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When the Scorpion Stings - History of the 3rd Cavalry Regiment

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Title: When the Scorpion Stings - The History of the 3rd Cavalry Regiment, Vietnam, 1965 - 1972

Author: Anderson, Paul

Condition: Near Mint

Edition: 1st Edition

Publication Date: 2002

ISBN: 1865087432

Cover: Hard Cover with Dust Jacket  - 318 pages

Comments: The history of the 3rd Cavalry Regiment in Vietnam 1965 - 1966. Out of print, highly sought after and now a scarce book and unlikely to be reprinted (author deceased).

When the Scorpion Stings' is the official history of the 3rd Cavalry Regiment in South Vietnam, 1965-72. The Regiment was the first unit involved in the establishment of the Australian Task Force at Nui Dat and the last to leave when the Task Force was finally disbanded. The versatility of the Armoured Personnel Carrier allowed the Regiment to function in dual operational roles: firstly as cavalry, and secondly as armoured transport support. In this way the unit became known as the workhorse of the Australian Task Force, with its daily routine constantly changing and virtually impossible to pin down. The unit's small size, yet extremely dangerous capabilities in action are reflected in the regimental emblem-a scorpion. The Regiment participated in many of the major battles of the Vietnam campaign, including Long Tan in 1966, and often played a key role in the outcomes. However, until now its unique achievements have all too often been lost within the larger accounts of the various infantry divisions to which the Regiment was attached. For the first time, this account documents the role of the 3rd Cavalry Regiment-one of the most decorated Australian units.

The 3rd Cavalry Regiment had a squadron serving in South Vietnam for nearly six years. Between 1967 and 1972 the men from the regiment served in every major operation conducted by the 1st Australian Task Force (1ATF), including the Tet Offensive, the 1968 battles for Fire Support Bases Coral and Balmoral, and the battle of Binh Ba in 1969. Using Armoured Personal Carriers (APCs), the regiment’s squadron was a highly mobile force that served throughout Phuoc Tuy province.

Australian APCs had been serving in Vietnam since 1965: initially with the 1 Troop, A Squadron, 4th/19th Prince of Wales’s Light Horse Regiment, subsequently named 1APC Troop of 1 APC Squadron. In January 1967 1st APC Squadron became A Squadron, 3rd Cavalry Regiment. The squadron’s strength in South Vietnam at the time was 117: ten officers, 14 warrant officers/sergeants, and 93 other ranks. The squadron’s strength increased over time and by August 1971 had grown to 169 men: 15 officers, 22 warrant officers/sergeants, and 132 other ranks.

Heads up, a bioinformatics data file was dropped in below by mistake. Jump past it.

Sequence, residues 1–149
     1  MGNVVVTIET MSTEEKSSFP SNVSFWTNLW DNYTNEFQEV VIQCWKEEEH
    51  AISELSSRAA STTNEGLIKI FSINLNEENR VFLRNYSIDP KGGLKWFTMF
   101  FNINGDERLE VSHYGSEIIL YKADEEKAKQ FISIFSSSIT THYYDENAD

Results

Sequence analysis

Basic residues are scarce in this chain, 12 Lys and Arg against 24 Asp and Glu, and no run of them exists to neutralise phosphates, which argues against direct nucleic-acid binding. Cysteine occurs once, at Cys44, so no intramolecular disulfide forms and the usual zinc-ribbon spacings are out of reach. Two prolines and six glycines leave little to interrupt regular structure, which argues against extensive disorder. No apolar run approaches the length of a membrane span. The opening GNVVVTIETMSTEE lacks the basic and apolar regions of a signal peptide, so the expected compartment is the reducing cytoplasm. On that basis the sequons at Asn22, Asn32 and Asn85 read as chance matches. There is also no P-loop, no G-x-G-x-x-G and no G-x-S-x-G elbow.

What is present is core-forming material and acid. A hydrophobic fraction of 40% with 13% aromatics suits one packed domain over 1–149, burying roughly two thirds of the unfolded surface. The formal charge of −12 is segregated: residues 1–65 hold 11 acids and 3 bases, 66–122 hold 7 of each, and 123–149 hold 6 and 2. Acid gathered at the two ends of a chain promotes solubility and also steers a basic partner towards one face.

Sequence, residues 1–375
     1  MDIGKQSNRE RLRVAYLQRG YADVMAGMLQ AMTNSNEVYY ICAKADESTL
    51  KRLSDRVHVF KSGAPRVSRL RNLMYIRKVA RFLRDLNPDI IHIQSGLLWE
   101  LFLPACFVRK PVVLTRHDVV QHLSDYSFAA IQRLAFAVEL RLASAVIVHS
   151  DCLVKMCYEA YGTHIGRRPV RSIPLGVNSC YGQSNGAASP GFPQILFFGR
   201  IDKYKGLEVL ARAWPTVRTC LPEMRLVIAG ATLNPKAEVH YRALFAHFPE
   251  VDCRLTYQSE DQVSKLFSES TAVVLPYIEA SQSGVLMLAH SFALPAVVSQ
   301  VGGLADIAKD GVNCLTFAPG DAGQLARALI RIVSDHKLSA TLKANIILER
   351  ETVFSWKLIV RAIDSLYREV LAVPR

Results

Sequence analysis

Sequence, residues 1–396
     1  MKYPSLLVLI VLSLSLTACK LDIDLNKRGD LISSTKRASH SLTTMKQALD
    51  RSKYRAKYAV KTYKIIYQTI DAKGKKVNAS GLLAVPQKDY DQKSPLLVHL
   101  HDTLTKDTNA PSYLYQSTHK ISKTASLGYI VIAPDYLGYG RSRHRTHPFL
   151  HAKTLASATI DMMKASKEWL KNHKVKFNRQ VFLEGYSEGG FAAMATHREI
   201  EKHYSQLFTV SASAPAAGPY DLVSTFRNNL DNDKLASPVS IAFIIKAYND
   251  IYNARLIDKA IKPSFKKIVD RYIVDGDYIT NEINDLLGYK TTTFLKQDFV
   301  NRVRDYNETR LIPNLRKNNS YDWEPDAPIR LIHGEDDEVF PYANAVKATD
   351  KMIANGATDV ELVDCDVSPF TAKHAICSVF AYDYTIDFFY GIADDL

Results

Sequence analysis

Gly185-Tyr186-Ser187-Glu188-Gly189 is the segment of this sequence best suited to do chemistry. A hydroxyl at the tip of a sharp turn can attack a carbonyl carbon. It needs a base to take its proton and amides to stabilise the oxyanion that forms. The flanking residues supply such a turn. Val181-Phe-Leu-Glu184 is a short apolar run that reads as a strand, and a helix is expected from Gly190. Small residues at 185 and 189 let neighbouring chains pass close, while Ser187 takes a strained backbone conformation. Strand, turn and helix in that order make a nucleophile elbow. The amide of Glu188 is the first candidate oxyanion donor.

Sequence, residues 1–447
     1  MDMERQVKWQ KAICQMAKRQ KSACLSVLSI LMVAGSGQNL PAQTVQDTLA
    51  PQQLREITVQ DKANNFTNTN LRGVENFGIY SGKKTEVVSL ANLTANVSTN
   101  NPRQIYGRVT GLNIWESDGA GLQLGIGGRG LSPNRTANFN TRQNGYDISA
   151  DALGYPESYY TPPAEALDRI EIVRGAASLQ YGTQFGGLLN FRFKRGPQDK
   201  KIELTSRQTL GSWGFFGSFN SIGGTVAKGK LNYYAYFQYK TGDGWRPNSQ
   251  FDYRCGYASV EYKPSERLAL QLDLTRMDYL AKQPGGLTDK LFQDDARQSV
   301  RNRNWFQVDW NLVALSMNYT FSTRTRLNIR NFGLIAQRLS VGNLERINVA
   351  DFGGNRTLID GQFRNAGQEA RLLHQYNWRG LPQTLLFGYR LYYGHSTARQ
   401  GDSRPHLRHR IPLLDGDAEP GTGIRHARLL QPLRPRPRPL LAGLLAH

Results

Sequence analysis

While A Squadron was located with the Task Force at Nui Dat, the regiment’s B Squadron was initially based at Puckapunyal, Victoria, later moving to Holsworthy, New South Wales. The role of the squadron’s regiment in Australia was to provide support and relief for the squadron serving in Vietnam. The regiment operated a “man-for-man” replacement system – when a member of the squadron completed his tour in Vietnam, he was replaced by a man from the squadron in Australia.

Although it now belonged to a new regiment, the squadron continued to carry out the same type of work it had done previously: inserting, redeploying, and extracting troops, including patrols conducted by the Special Air Service; acting as an armoured ambulance for medical evacuations; serving as a ready deployment force; being used as mobile machine-gun and mortar platforms; protecting convoys and escorts; conducting reconnaissance; supporting cordon-and-search operations; and providing armoured command vehicles.

The squadron was involved in particularly heavy fighting on 16 February 1967, in support of the 6th Battalion, Royal Australian Regiment (6RAR), during Operation Bribie. At one point during the battle, B Company became pinned down in the middle of an arc of Viet Cong (VC) machine-guns. APCs had been on the edge of the battle but were called forward to assist B Company, having to almost “blindly” crash through thick scrub in an effort to find the infantry. Having located B Company, the wounded were evacuated in the back of the carriers. One APC was hit by two rounds from a 75 mm recoilless rifle, killing the driver and wounding the crew commander and several passengers.

A Squadron became B Squadron on 13 May 1969, coinciding with the arrival of new. B Squadron’s tour lasted until 6 January 1971, when it was relieved by A Squadron. In mid-1971 the squadron received six M113A1 Fire Support Vehicles (FSVs), carrier mounted with a Saladin turret and armed with a 76 mm gun. The majority of the FSVs crew were seconded from the 2nd Cavalry Regiment and posted to the 3rd Cavalry Regiment. More heavily armed than M113A1s, the FSVs were still only lightly armoured and were not intended to replace Centurion tanks in offensive tasks. It was felt however, they could relive the Centurions from their role in protecting the fire support bases, thereby allowing the tanks a greater role in supporting 1ATF’s operations.

In August the Australian government announced it would withdrawal 1ATF from Vietnam. 1ATF was gradually reduced and in October the remaining Australian troops moved to the port city of Vung Tau; a company from the 4th Battalion, Royal Australian Regiment/NZ (ANZAC)(4RAR/NZ), the squadron’s No. 1 Troop, and some support troops remained at Nui Dat. Most of the squadron returned to Australia in December, while No. 1 Troop moved to Vung Tau. The detachment returned to Australia in March 1972.

Includes Nominal Roll

 


  • Item: RB14050
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